Prothrombotic state in glioblastoma multiforme: an evaluation of the procoagulant activity of circulating microparticles
Posted on: 11/28/2010
J Neurooncol. 2010 Nov 23. [Epub ahead of print]
Prothrombotic state in glioblastoma multiforme: an evaluation of the procoagulant activity of circulating microparticles.
Sartori MT, Della Puppa A, Ballin A, Saggiorato G, Bernardi D, Padoan A, Scienza R, d'Avella D, Cella G.
Department of Cardiologic, Thoracic and Vascular Sciences, Padua University Hospital, Via Giustiniani 2, 35128, Padova, Italy, email@example.com.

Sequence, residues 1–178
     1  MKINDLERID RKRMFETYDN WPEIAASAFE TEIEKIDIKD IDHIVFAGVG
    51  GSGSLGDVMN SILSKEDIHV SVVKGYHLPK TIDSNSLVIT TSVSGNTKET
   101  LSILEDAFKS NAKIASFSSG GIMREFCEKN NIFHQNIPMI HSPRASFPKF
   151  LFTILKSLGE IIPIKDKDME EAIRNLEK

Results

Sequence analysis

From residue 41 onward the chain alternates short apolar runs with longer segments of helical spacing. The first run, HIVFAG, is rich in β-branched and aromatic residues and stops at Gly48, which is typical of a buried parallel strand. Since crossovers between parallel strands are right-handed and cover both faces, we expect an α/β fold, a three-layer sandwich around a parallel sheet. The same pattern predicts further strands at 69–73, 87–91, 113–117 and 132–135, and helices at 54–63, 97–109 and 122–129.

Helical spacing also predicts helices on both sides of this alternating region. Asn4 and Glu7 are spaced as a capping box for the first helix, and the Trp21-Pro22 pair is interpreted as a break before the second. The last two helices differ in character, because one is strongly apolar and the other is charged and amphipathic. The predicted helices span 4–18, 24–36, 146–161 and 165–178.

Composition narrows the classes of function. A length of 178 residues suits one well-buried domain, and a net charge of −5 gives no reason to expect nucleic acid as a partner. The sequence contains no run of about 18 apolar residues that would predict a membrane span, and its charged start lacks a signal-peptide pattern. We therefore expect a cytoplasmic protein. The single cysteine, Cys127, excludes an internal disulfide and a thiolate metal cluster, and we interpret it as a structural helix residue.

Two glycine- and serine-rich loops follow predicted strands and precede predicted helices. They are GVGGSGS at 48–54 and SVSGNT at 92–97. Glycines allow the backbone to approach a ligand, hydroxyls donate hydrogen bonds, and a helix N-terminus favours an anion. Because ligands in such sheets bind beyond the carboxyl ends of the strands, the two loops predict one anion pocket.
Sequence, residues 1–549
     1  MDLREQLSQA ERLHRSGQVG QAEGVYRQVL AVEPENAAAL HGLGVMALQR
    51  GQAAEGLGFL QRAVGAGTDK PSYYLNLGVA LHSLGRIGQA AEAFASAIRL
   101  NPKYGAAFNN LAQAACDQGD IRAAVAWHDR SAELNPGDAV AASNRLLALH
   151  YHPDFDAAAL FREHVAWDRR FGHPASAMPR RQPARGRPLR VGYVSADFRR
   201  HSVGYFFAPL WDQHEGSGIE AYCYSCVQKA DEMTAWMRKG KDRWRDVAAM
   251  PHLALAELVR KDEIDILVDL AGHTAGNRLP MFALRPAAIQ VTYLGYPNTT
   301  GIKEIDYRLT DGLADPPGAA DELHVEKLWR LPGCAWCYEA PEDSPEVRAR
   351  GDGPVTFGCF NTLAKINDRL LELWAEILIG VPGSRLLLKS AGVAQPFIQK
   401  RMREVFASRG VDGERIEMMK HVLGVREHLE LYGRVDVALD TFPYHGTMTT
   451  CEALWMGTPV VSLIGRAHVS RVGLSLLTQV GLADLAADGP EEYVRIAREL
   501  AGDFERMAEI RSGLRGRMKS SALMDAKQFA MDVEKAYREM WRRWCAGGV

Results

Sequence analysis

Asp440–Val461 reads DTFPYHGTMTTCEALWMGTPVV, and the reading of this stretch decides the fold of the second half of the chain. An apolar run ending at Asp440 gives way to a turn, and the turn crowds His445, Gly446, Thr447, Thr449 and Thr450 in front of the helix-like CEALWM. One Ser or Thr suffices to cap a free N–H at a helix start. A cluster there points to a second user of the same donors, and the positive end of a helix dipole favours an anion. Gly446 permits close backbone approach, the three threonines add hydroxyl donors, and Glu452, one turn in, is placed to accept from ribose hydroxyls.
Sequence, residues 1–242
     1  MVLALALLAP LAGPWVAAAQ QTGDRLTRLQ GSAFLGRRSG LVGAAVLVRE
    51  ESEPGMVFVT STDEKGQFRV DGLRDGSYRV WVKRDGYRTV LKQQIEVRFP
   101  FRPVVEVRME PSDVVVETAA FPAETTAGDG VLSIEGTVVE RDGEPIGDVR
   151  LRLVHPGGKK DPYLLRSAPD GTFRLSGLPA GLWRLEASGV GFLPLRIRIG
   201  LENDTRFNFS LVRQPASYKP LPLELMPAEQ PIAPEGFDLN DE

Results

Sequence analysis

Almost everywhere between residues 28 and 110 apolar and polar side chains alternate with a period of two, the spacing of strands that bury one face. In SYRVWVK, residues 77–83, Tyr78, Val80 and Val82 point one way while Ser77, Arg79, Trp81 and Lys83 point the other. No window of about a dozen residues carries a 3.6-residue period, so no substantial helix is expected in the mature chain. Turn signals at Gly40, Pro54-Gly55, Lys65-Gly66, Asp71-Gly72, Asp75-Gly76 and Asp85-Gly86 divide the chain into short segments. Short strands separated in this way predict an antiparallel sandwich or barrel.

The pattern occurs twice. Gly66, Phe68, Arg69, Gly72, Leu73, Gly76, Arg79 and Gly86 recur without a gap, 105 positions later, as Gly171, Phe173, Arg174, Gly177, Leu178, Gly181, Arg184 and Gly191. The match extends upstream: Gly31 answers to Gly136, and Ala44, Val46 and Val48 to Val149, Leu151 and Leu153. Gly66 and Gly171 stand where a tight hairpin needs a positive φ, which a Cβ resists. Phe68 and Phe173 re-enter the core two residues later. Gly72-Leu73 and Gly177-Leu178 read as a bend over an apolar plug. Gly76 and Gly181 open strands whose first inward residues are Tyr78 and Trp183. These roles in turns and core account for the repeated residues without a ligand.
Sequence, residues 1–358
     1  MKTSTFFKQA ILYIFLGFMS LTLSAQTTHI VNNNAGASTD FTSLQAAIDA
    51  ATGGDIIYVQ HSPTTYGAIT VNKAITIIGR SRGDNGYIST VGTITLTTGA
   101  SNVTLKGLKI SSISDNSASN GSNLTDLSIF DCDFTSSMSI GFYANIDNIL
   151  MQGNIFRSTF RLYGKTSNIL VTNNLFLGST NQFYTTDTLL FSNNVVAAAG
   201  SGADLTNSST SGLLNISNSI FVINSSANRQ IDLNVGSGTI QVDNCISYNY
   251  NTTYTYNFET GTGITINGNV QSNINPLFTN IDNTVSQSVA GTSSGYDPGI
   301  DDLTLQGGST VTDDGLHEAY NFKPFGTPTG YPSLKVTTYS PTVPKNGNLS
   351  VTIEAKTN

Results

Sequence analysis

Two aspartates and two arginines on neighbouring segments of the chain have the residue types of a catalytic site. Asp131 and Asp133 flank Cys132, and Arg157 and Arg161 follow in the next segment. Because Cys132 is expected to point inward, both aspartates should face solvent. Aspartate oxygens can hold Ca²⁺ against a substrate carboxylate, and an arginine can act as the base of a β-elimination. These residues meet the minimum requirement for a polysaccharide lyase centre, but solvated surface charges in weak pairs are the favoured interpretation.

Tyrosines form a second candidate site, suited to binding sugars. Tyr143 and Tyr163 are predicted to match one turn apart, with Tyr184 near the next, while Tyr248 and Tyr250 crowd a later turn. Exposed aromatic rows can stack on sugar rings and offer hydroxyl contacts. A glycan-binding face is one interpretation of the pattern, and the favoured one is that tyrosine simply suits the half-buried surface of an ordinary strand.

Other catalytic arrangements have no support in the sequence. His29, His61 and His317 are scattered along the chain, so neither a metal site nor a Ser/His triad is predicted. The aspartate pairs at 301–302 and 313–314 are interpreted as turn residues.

The relationship between venous thromboembolism (VTE) and cancer is supported by several pathogenetic factors, including circulating microparticles (MP) originating from different cells and often bearing tissue factor. Since VTE often complicates the clinical course of patients with glioblastoma multiforme (GBM; WHO grade IV astrocytoma) and the role of MPs in these patients population is still not clear, this prospective study was conducted to evaluate the procoagulant activity of circulating MP (MP activity) in GBM patients. We enrolled 61 GBM patients undergoing gross-total or subtotal surgical resection followed by combined radio-chemotherapy; 20 healthy volunteers were tested as controls. Blood samples for MP activity and hemostatic profiles were obtained before and then 1 week and 1, 4, and 7 months after surgery. GBM patients had significantly higher mean MP activity levels than healthy controls before and 7 days after surgery. During the follow-up, MP activity levels became significantly lower 1 and 4 months after surgery (P = 0.007 and P = 0.018, respectively) than prior to surgery, but this decrease was only seen in the subgroup achieving complete tumor resection. MP activity levels increased in 7 (63.6%) of 11 patients who developed VTE. The different incidence of the increase in MP activity levels between patients with and without VTE was statistically significant (χ (2) = 4.93, P = 0.026; relative risk 1.38, 95% CI 1.03-1.86). GBM patients may have an increase in MP-associated procoagulant activity that could contribute to any prothrombotic states and increases the likelihood of VTE complications; this procoagulant activity drops during control of disease.
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